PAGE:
After Memorial Day, the number of people shot this year in Chicago was at about 1,500 — up more than 50 percent over last year, according to the Chicago Tribune. Of those, at least 250 had been killed.The attacker in Orlando, Omar Mateen, 29, who was killed in a shootout at the club with police, recently bought a handgun and an AR-15-style assault rifle, the type of weapon commonly used in mass shootings.

"The people of the Archdiocese of Chicago stand with the victims and their loved ones, and reaffirm our commitment, with Pope Francis, to address the causes of such tragedy, including easy access to deadly weapons," Cupich said. "We can no longer stand by and do nothing."Earlier Sunday, the Vatican released a statement saying that the attack prompted "the deepest feelings of horror and condemnation, of pain and turmoil" in the pope, who called for prayers for the victims and their families.

The statement did not mention the sexual identity of the victims or the mass marketing of weapons — a topic the pontiff raised in his historic address to Congress last September.The Vatican statement Sunday did say that Francis hopes "that ways may be found, as soon as possible, to effectively identify and contrast the causes of such terrible and absurd violence which so deeply upsets the desire for peace of the American people and of the whole of humanity."Cupich has been one of the few U.S. prelates to speak out against gun violence and for gun control, but his mention of the sexual orientation of the victims in the attack at a gay nightclub was unusual as well.

Many Catholic leaders expressed their grief and horror at the massacre, and called for prayers.But it was rare to find any mention either of the gunman's apparent motive or the fact that gays and lesbians were targeted.Indeed, even using the terms "gays and lesbians" is notable, as churchmen tend to prefer the term "homosexuals" or to speak of people with a "same-sex attraction."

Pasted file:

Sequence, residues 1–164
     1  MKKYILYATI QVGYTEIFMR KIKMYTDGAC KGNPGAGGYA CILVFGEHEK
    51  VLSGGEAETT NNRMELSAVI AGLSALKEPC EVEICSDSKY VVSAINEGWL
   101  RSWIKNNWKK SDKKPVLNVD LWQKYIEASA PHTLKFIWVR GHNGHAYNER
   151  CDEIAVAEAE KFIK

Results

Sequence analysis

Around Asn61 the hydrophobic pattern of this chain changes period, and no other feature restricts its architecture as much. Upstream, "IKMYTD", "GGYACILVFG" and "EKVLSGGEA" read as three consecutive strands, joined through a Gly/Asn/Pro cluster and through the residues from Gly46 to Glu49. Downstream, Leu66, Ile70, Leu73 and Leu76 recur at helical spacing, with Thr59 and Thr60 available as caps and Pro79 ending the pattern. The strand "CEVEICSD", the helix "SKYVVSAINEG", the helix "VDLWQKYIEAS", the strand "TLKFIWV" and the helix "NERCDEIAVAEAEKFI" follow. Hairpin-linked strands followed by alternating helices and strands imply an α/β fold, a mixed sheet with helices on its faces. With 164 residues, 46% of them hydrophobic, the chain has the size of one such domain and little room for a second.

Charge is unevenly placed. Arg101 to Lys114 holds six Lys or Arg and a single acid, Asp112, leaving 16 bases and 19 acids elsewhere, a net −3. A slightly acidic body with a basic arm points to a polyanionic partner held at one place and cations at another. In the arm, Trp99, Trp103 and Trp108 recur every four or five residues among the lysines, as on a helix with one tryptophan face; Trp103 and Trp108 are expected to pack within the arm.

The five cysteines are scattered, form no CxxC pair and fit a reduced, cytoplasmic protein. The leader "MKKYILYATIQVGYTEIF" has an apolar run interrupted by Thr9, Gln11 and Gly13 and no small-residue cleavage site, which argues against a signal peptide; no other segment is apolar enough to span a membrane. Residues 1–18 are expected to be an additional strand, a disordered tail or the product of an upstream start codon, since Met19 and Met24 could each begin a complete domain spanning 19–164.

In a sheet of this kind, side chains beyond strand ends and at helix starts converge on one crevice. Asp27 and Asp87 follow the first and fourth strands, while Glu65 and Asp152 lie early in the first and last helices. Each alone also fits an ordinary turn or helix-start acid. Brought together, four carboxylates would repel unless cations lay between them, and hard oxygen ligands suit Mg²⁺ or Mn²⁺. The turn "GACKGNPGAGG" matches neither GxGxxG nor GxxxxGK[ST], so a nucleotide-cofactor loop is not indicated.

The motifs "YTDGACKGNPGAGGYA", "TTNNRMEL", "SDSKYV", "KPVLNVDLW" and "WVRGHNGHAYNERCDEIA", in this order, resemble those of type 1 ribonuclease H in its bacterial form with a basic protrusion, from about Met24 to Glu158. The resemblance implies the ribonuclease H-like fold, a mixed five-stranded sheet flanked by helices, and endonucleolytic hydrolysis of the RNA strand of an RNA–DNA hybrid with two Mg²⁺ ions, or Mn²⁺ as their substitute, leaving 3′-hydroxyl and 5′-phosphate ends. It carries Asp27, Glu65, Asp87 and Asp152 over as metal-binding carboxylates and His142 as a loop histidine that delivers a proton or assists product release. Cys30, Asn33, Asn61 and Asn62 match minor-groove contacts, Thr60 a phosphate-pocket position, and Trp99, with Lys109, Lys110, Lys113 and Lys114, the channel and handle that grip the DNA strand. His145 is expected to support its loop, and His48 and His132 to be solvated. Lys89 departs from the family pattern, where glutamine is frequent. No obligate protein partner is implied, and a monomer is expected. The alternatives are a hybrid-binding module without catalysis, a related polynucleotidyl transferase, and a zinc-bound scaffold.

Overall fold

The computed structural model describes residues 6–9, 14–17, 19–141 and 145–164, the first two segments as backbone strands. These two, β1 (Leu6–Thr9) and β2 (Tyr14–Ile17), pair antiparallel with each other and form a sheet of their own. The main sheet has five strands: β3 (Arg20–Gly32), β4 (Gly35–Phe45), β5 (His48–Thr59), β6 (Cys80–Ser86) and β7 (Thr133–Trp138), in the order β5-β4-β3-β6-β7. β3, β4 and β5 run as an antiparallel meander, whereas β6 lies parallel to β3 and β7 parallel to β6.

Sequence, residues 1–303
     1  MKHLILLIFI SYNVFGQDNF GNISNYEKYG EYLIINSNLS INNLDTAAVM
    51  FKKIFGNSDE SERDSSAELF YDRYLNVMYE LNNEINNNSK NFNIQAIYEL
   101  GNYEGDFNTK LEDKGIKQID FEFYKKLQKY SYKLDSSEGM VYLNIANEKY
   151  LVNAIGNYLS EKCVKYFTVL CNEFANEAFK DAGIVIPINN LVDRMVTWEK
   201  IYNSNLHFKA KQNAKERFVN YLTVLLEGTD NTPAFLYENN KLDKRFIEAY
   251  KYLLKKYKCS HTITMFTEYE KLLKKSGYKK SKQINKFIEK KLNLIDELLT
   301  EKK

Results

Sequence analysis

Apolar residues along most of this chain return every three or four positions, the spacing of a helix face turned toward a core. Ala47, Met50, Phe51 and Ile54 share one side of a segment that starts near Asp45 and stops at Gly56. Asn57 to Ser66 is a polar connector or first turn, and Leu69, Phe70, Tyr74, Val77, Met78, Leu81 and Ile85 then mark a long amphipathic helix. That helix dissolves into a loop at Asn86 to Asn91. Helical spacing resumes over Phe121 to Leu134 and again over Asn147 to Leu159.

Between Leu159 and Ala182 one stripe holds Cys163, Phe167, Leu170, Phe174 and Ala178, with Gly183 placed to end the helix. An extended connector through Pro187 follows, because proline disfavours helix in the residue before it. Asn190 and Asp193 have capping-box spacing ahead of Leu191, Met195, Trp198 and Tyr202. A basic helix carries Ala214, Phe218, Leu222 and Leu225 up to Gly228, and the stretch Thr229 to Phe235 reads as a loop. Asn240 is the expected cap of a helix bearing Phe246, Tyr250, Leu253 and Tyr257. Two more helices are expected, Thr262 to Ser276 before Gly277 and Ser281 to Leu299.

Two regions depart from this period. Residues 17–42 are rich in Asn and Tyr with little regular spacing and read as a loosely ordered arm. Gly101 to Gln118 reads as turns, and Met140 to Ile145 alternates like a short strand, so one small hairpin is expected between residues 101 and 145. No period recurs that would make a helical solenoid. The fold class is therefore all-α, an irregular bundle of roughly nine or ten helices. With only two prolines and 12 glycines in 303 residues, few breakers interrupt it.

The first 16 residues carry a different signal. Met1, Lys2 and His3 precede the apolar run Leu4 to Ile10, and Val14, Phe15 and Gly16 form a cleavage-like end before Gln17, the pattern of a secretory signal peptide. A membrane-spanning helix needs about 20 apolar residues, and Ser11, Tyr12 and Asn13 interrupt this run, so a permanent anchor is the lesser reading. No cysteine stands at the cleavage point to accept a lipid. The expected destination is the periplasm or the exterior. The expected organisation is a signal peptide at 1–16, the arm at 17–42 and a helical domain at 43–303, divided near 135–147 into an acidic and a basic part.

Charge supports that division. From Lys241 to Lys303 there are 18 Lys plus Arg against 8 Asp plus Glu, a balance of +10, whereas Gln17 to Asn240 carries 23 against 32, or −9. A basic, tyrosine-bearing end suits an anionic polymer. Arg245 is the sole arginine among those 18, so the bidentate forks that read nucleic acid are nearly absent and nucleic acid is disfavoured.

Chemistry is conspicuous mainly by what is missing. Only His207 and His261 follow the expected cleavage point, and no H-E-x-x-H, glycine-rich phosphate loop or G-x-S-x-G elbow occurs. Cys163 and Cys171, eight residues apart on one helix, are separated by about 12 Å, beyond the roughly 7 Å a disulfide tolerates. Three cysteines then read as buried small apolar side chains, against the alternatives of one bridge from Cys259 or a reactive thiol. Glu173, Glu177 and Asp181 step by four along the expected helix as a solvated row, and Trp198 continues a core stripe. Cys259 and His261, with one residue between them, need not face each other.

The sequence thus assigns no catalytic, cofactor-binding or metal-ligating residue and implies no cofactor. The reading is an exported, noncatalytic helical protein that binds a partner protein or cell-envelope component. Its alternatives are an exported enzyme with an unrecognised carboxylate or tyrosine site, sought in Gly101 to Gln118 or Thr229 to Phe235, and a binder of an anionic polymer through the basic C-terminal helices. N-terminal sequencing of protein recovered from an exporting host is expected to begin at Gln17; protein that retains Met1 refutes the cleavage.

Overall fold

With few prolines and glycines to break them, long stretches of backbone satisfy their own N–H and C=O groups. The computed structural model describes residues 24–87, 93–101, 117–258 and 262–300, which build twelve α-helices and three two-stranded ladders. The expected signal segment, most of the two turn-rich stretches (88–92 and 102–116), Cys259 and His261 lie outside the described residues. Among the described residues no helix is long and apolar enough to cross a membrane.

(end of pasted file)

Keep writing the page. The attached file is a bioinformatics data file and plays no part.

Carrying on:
The head of the Orlando diocese, Bishop John Noonan, late Sunday afternoon called for a prayer vigil for Monday evening but made no mention of the fact that the attacker targeted a gay nightclub.Noonan lamented the "massive assault on the dignity of human life" and said prayers had been offered for "victims of violence and acts of terror … for their families and friends … and all those affected by such acts against God's love."

Miami Archbishop Thomas Wenski also did not mention the sexual orientation of many of the victims but in his statement said: "Hatred blinded the conscience of the perpetrator of these horrible acts, acts no one must be allowed to excuse or justify. The survival of civilization demands zero tolerance towards such acts of barbarism. Hate-inspired terrorism is still a clear and present danger in our world."

Pittsburgh Bishop David Zubik warned late Sunday against "taking out our grief or anger on any group of people" and added: "Our Muslim neighbors are grieving over this tragedy as much as our gay and lesbian neighbors. We are all God's children. May we love, honor and respect one another as such."

A brief statement from the president of the U.S. Conference of Catholic Bishops, Louisville Archbishop Joseph Kurtz, bemoaned the "unspeakable violence," called for prayers and "ever greater resolve in protecting the life and dignity of every person."

That statement contrasted with Kurtz's statement a year ago after the shooting massacre in a black church in Charleston, S.C. Speaking two days after the attack on Mother Emanuel by a white supremacist, Kurtz repeatedly condemned the "racism and the violence so visible today" and called for efforts to combat both, in personal change and through public policies.